Spin polarization of Eu2+ controls optical SHG and THG in centrosymmetric magnetic EuX (X=O, S, Se, Te)
The magnetic field and temperature dependencies demonstrate that SHG and THG arises from the bulk of the materials due to a novel type of nonlinear optical susceptibility caused by the magnetic dipole contribution combined with spontaneous or induced magnetization. This spin-induced susceptibility distinctly differs from the known magnetic field induced contributions. The experimental results can be described qualitatively by a phenomenological model based on a symmetry analysis and are in good quantitative agreement with microscopic model calculations accounting for details of the electronic energy and spin structure.
Spin-splitting of electronic states essential for induced optical SHG in non-centrosymmetric diluted magnetic Cd1-xMnxTe
Depending on the Mn content in diluted magnetic semiconductor Cd1−xMnxTe (0.001≤x≤0.22, being primarily paramagnetic) magnetic field induced SHG signals arise from two distinctly different origins related to orbital and spin quantization of the band states in magnetic field. The orbital contribution dominates for zero and very low Mn concentrations, whereas the spin contribution dominates for higher Mn contents. These contributions can be distinguished by their characteristic dependencies of their SHG intensity on magnetic field. The orbital part scales as square of the field strength in accordance with a phenomenological theory. In the case of the spin quantization, the intensity scales linearly with the magnetization, a behavior which is not expected from the phenomenological model.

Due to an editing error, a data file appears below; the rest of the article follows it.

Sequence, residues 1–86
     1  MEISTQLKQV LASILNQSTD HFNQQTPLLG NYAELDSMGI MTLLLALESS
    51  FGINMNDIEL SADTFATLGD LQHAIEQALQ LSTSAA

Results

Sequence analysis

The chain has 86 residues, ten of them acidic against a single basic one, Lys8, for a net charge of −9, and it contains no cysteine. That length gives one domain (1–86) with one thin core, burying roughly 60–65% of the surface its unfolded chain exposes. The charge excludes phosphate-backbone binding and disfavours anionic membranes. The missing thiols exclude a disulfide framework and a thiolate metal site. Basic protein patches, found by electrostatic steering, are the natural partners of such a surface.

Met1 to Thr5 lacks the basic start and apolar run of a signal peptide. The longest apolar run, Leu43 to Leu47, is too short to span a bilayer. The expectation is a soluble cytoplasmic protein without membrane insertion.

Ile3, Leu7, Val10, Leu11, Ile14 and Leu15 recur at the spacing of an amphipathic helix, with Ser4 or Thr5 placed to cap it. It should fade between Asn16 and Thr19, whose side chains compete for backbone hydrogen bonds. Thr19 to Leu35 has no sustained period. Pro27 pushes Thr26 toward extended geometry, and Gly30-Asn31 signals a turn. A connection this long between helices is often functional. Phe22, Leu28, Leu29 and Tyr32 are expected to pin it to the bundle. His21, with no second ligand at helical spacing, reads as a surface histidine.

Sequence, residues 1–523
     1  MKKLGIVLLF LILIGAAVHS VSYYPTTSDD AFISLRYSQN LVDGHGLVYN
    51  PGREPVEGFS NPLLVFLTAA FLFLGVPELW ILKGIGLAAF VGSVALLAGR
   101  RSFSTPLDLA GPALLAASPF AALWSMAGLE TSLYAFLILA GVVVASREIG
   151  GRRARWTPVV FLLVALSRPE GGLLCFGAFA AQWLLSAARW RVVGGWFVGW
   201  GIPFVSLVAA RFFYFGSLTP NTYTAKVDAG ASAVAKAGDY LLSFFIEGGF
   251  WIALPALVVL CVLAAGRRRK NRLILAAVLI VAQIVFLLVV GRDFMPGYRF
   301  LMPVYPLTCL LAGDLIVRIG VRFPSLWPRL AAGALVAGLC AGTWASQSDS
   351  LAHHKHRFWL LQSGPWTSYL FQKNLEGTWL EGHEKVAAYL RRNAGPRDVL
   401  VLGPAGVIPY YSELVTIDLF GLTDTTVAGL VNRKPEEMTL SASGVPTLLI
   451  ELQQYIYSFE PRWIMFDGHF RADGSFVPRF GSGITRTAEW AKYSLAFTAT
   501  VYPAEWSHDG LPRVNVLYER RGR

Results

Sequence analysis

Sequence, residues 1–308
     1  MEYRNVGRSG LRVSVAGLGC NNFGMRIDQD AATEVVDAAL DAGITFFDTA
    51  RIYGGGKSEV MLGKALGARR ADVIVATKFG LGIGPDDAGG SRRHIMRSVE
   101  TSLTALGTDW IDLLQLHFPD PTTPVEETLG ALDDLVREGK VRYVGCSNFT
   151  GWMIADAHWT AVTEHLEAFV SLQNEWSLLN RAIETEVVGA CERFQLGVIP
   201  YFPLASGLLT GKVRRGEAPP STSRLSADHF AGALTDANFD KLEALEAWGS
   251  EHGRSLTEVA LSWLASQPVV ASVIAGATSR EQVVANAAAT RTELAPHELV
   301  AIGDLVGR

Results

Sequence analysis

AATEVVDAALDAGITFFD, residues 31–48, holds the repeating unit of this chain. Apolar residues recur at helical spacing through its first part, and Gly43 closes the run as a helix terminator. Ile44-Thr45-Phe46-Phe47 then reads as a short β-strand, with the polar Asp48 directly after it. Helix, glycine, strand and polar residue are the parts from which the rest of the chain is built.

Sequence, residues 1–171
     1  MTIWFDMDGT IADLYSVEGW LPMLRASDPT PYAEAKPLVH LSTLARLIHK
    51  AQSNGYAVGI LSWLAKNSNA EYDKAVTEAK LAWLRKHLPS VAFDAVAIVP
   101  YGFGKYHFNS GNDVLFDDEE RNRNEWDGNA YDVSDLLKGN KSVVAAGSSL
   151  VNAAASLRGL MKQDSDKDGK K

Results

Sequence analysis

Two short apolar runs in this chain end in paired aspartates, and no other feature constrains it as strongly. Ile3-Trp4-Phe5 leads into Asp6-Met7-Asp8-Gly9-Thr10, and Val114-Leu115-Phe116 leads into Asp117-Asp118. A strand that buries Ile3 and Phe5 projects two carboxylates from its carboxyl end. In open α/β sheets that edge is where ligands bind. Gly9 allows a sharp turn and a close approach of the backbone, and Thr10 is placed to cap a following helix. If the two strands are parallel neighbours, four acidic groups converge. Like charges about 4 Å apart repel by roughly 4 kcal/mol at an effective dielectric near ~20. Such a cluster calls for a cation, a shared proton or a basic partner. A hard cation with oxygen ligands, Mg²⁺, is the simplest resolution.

Orbital quantization in magnetic fields as key mechanism for induced optical SHG in non-centrosymmetric diamagnetic GaAs and CdTe
A series of narrow magnetic field induced SHG lines has been observed in the spectral range near the band gap in the III-V and II-VI diamagnetic semiconductors GaAs and CdTe. The magnetoexciton states associated with the optical transitions between Landau levels are responsible for the observed SHG spectra. Orbital quantization of electronic states is therefore established as an origin of SHG. The rotational anisotropy of the induced signal distinctly differs from that in the electric-dipole approximation. Model calculations, based on a phenomenological analysis using nonlocal contributions to the nonlinear optical susceptibility, reveal the importance of nonlinear magneto-optical spatial-dispersion, which acts together with the electric-dipole term.
Current Offers For Bachelor-, Master- or PhD-Theses
We offer Bachelor- and Master-theses in relation to the ongoing research on generation of optical harmonics by specifically breaking symmetries. Feel free to ask someone of the team for more information!